(b) More generally, let Γ be any toy contour, and F the collection of all trans-
lates and dilates of Γ. Show that if f is continuous on C, and∫
f(z) dz = 0 for all γ ∈ F
then f is holomorphic. In particular, Morera’s theorem holds under the
weaker assumption that
f(z) dz = 0 for all equilateral triangles.
[Hint: As a first step, assume that f is twice real differentiable, and write f(z) =
f(z0) + a(z − z0) + b(z − z0) + O(|z − z0|2) for z near z0. Integrating this expan-
sion over small circles around z0 yields ∂f/∂z = b = 0 at z0. Alternatively, suppose
only that f is differentiable and apply Green’s theorem to conclude that the real
and imaginary parts of f satisfy the Cauchy-Riemann equations.
In general, let ϕ(w) = ϕ(x, y) (when w = x + iy) denote a smooth function with
0 ≤ ϕ(w) ≤ 1, and ∫
ϕ(w) dV (w) = 1, where dV (w) = dxdy, and
denotes the
usual integral of a function of two variables in R2. For each � > 0, let ϕ�(z) =
�−2ϕ(�−1z), as well as
f�(z) =
f(z − w)ϕ�(w) dV (w),
where the integral denotes the usual integral of functions of two variables, with
dV (w) the area element of R2. Then f� is smooth, satisfies condition (16), and
f� → f uniformly on any compact subset of C.]
4. Prove the converse to Runge’s theorem: if K is a compact set whose complement
if not connected, then there exists a function f holomorphic in a neighborhood of
K which cannot be approximated uniformly by polynomial on K.
[Hint: Pick a point z0 in a bounded component of K
c, and let f(z) = 1/(z − z0).
If f can be approximated uniformly by polynomials on K, show that there exists a
polynomial p such that |(z − z0)p(z)− 1| < 1. Use the maximummodulus principle
(Chapter 3) to show that this inequality continues to hold for all z in the component
of Kc that contains z0.]
5.∗ There exists an entire function F with the following “universal” property: given
any entire function h, there is an increasing sequence {Nk}∞k=1 of positive integers,
so that
F (z + Nk) = h(z)
uniformly on every compact subset of C.
(a) Let p1, p2, . . . denote an enumeration of the collection of polynomials whose
coefficients have rational real and imaginary parts. Show that it suffices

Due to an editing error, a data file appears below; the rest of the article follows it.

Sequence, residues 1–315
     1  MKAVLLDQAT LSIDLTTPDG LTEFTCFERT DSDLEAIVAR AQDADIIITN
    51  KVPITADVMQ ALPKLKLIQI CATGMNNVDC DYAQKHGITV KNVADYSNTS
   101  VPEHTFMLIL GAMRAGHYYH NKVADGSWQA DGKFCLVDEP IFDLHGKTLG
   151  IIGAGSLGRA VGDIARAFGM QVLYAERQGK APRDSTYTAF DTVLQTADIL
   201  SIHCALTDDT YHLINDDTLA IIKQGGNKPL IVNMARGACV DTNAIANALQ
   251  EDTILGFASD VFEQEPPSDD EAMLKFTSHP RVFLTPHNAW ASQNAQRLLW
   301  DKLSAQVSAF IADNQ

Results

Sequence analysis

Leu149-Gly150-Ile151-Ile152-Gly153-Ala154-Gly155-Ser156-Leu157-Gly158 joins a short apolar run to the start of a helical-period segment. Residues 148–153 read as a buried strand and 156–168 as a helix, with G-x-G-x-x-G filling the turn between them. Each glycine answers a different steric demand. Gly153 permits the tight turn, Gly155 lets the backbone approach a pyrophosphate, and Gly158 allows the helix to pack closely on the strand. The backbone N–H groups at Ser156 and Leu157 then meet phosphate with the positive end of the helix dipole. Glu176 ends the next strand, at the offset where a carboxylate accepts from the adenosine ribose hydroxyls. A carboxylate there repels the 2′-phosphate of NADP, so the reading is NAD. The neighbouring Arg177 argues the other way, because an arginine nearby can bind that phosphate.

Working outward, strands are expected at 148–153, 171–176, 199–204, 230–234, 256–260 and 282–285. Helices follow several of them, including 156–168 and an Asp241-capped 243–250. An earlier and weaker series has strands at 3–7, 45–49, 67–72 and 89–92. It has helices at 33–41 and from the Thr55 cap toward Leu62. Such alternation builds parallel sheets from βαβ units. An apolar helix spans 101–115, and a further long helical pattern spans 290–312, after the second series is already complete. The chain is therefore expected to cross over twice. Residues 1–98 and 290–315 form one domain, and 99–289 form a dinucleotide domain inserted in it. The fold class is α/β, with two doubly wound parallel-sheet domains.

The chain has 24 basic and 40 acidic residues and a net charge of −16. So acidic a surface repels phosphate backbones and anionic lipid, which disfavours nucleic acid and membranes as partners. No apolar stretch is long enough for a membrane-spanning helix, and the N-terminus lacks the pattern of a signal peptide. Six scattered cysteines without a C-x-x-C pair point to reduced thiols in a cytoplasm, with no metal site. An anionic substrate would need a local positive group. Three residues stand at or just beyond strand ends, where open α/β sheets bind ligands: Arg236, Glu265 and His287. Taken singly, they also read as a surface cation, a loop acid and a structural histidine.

to find an entire function F and an increasing sequence {Mn} of positive
integers, such that
(17) |F (z)− pn(z −Mn)| < 1
whenever z ∈ Dn,
where Dn denotes the disc centered at Mn and of radius n. [Hint: Given
h entire, there exists a sequence {nk} such that limk→∞ pnk(z) = h(z) uni-
formly on every compact subset of C.]
(b) Construct F satisfying (17) as an infinite series
F (z) =
where un(z) = pn(z −Mn)e−cn(z−Mn)2 , and the quantities cn > 0 and Mn >
0 are chosen appropriately with cn → 0 and Mn →∞. [Hint: The function
vanishes rapidly as |z| → ∞ in the sectors {| arg z| < π/4− δ} and
{|π − arg z| < π/4− δ}.]
In the same spirit, there exists an alternate “universal” entire function G with
the following property: given any entire function h, there is an increasing sequence
{Nk}∞k=1 of positive integers, so that
DNkG(z) = h(z)
uniformly on every compact subset of C. Here DjG denotes the jth (complex)
derivative of G.
3 Meromorphic Functions and
the Logarithm
One knows that the differential calculus, which has
contributed so much to the progress of analysis, is
founded on the consideration of differential coefficients,
that is derivatives of functions. When one attributes
an infinitesimal increase � to the variable x, the func-
tion f(x) of this variable undergoes in general an in-
finitesimal increase of which the first term is propor-
tional to �, and the finite coefficient of � of this in-
crease is what is called its differential coefficient... If
considering the values of x where f(x) becomes infi-
nite, we add to one of these values designated by x1,
the infinitesimal �, and then develop f(x1 + �) in in-
creasing power of the